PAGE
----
2:30 PM - 2:45 PM
[SCG51-04] The oxygen fugacity of serpentinites: implications for subduction zone redox evolution
Keywords:Serpentine, subduction zone, f(O2), Multi-anvil, Mössbauer spectroscopy
We have examined the stability of the serpentinite mineral antigorite within ophicabonate assemblages at subarc conditions as a function of P, T and fO2. Multi-anvil experiments were performed both inside the stability field of antigorite, but also at conditions where antigorite starts to dehydrate. Natural serpentinites are used as starting materials with initially high and low Fe3+/Fetot ratios. Calcium carbonate was then added to these assemblages to simulate ophicarbonate composition. Iridium metal was added to some nominally unbuffered experiments to allow the oxygen fugacity to be determined, whereas in other experiments the oxygen fugacity was fixed using powders of Ru + RuO2 and Re + ReO2 distributed throughout the sample. Ferrous Fe is located in the octahedral site of antigorite whereas ferric Fe may additionally occupy the tetrahedral site of the trioctahedral 1:1 sheet silicates, providing charge balance. We have determined the location and speciation of the Fe atoms in serpentinites as a function of fO2, P and T by using Mössbauer spectroscopy to examine the run products of the multi-anvil experiments.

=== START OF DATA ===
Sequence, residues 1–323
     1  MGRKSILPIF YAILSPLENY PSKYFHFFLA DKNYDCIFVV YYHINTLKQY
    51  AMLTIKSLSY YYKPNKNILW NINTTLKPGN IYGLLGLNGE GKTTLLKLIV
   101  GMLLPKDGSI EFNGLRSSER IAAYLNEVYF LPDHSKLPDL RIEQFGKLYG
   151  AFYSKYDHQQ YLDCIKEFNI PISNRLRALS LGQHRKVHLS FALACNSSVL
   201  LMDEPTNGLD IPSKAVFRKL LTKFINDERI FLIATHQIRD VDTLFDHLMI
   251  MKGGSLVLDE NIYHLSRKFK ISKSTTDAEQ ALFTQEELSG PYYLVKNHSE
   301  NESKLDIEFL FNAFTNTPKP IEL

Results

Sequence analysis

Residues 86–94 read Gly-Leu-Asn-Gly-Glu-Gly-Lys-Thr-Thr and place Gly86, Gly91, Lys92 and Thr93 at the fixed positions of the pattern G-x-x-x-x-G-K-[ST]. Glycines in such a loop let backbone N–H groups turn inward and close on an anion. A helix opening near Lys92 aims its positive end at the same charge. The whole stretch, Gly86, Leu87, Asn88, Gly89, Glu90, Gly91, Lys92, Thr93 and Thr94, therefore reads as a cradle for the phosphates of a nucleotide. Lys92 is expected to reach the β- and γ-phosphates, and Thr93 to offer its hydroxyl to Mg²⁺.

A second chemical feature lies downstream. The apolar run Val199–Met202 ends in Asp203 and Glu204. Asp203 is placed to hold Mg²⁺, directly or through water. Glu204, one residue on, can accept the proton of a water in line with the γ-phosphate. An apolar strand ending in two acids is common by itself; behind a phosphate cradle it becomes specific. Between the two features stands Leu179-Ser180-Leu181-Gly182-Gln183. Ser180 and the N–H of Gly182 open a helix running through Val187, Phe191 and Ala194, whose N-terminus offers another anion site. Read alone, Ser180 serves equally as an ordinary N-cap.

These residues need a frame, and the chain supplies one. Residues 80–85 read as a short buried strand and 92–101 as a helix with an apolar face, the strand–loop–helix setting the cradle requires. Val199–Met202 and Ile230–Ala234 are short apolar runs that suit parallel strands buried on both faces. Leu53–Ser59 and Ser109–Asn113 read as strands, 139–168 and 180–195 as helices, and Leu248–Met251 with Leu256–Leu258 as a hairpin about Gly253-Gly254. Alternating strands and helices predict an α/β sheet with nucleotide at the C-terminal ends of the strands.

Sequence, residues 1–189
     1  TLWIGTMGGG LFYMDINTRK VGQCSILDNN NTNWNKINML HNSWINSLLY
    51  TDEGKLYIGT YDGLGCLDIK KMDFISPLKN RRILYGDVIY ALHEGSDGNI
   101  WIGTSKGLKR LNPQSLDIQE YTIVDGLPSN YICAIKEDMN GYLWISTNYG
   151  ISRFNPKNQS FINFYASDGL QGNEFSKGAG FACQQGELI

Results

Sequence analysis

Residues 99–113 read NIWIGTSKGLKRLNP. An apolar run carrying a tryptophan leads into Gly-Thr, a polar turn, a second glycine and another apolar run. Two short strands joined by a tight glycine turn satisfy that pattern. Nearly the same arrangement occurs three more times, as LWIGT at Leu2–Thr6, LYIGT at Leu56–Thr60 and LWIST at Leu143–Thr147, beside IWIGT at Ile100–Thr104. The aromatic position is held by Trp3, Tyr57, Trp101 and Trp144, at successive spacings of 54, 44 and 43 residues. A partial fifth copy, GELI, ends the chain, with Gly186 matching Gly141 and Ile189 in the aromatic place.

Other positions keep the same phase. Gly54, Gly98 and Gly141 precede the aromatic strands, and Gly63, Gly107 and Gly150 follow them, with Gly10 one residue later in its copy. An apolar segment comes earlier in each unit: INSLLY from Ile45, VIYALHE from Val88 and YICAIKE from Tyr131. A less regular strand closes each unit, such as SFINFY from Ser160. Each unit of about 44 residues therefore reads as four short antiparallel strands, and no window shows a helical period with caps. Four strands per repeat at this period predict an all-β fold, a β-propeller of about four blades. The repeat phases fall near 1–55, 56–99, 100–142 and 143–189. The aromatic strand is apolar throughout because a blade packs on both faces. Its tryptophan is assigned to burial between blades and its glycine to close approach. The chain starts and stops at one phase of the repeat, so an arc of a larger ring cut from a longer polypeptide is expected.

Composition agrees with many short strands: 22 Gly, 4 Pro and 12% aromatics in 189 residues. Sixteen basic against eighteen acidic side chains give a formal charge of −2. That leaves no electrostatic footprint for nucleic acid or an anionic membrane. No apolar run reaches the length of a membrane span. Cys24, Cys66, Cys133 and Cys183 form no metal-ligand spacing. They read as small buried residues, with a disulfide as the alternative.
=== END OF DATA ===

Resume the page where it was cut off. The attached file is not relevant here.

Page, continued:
The experiments were run for approximately 3 days during which it was possible to change the Fe3+/Fetot ratios of the starting materials to both higher and lower ratios depending on the redox buffers employed. We found that the relationship between the Fe3+/Fetot ratio of antigorite and the oxygen fugacity is very temperature dependent with antigorite Fe3+/Fetot ratios decreasing sharply at the same oxygen fugacity as dehydration commences. This behaviour should cause the oxygen fugacity within subducting lithosphere to increase as dehydration takes place, which will have important implications for fluid speciation. On the other hand the stabilisation of ferric iron in antigorite at high oxygen fugacities appears to have a minimal effect on the temperature of dehydration.